Introduction: How to Tack Up a Horse. Video: Https://

Hi, I’m Maria Kangas. I help people have a comfortable ride by teaching people to tack up a horse correctly. Here’s how I’m going to do it: I’m going to give seven steps so that happy riding can pursue. Having trouble controlling or getting on a horse? We are going to have you not only riding but doing so comfortably, by teaching how to tack up a horse. Getting on a horse is easy. Put one foot in the stirrup and swi- whoops, the saddle slipped. The horse needs to slow down so pull on the reins and get them yanked out of your hands? The horse threw his head around because the bridle wasn’t put on right. Either that or the horse went crazy. Not having the saddle on properly can cause problems for both humans and horses.



- Lead rope

- Brush

- Saddle

- Saddle Pad

- Bridle

- Horse

Step 1: Retrieve the Horse

After chasing it around the pasture and tripping over weeds and your own feet apply a halter. Put the lead rope around the horse’s neck and slip the halter over its head. Pull the halter as tight as you can, but loose enough that you can put two fingers between the nose and the halter. Lead the stubborn horse to the barn and get ready to tack up!

Step 2: Tie Up the Horse

Second, tie up the horse. Some horses can be tacked up without being tied but for safety measures and to relieve stress it is recommended that you tie up your horse. Use a sturdy and available post for tying up. Leaving hay out for the horse to munch on can keep them busy while putting on the saddle pad and saddle.

Step 3: Groom the Horse

There are many different brushes used but one with many bristles usually tends to do a better job. Pay special attention that the back of the horse is well-groomed because excess grit can irritate the horse. Anyplace that the tack will touch should be especially well done. Now, for once in a long time your horse is clean. Whew!

Step 4: Saddle Pad

After grooming; cover the back of the horse with a saddle pad. The saddle pad should be in the center of the withers or on top of the lower part of the horse’s mane. Walk behind the horse to check if the pad is balanced. Be careful, go about 5 feet behind the horse because it may kick! Once your saddle pad is on correctly you may don the saddle.

Step 5: Saddle

Then put on the saddle. Throw the stirrup and chinch over the saddle seat depending on what side the saddle is applied to. Lift the saddle. Different saddles have different weights so grip the saddle tightly. Don’t heave the saddle onto the horse’s back because that may spook it. Set the saddle on gently but firmly. Again, check that the saddle is well balanced and be careful.

Step 6: Tightening the Chinch

Now to chinch the chinch. This is one of the most important parts because this keeps your saddle from slipping. The saddle is on so reach under the horse and grab the chinch. Again, be careful, a skittish horse may spook or kick! When reaching under the horse don’t be scared because the horse can sense feelings. Also, they are sensitive under their stomachs so be sure and the horse will be calm. Bring the strap through the chinch buckle. Do this twice or three times and pull up to tighten it. If it is possible to bring the strap through again after tightening do that. Now find a hole in the strap that best fits the length of the tightened strap. You may have to loosen the strap a bit to get the buckle in the right hole. Now bring the end of the strap through the strap layers and tie a knot.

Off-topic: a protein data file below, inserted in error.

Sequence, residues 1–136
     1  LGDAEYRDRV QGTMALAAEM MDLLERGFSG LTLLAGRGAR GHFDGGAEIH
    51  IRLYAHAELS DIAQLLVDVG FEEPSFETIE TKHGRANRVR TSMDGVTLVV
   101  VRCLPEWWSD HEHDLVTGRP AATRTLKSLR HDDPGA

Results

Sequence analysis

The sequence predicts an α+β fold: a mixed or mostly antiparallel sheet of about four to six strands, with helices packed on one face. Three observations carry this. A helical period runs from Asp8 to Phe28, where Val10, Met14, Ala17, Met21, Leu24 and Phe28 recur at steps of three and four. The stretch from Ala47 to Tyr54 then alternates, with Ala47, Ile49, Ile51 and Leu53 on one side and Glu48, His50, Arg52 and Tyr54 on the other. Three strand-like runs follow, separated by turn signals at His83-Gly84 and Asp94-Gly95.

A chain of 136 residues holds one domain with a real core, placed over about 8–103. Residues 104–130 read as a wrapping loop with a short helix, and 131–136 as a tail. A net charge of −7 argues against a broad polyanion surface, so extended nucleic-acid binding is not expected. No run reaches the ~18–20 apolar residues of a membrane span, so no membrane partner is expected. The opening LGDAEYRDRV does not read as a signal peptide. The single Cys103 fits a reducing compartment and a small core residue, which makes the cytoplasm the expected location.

Step 7: Put on the Bridle

Lastly, putting on the bridle. Tie the reins together loosely and hook them to the saddle’s horn. The horn is on the front of the saddle. It sticks up and is flat on the top. Put your arm over the neck of the horse and hold on the top part of the bridle. Situate the other hand on the bit. Insert the bit into the horse’s mouth by placing it on the flat of the hand and then pushing it gently in while pulling up on the bridle with the other hand. Do it with the flat of the hand otherwise, the horse may bite! Slip it over the horse’s head and pull the ears through the earholes if there is any on the bridle. Some bridles have chin straps. Buckle those under the chin, not too tight and not too loose. Enough that two fingers can fit under it. Make sure the bridle is not too tight. If there is a dimple on either side of the mouth, then it is just right.

Step 8: Etc...

And done! It may seem hard the first several times but eventually, it becomes easy! Now some horses will “blow up,” which is to say they will hold their breath and keep their stomach big, so the saddle is not so tight. The best way to find out if your horse does that is to walk them around for a couple minutes and re-tighten the chinch. If a horse does this often knee it in the stomach or, just to be safe, lead it around.